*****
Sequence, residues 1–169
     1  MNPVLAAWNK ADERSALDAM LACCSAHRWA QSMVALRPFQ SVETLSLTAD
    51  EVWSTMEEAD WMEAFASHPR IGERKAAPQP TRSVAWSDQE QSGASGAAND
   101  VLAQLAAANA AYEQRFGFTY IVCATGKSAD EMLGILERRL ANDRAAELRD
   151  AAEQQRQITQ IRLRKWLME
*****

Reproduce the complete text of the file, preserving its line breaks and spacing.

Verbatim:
Sequence, residues 1–169
     1  MNPVLAAWNK ADERSALDAM LACCSAHRWA QSMVALRPFQ SVETLSLTAD
    51  EVWSTMEEAD WMEAFASHPR IGERKAAPQP TRSVAWSDQE QSGASGAAND
   101  VLAQLAAANA AYEQRFGFTY IVCATGKSAD EMLGILERRL ANDRAAELRD
   151  AAEQQRQITQ IRLRKWLME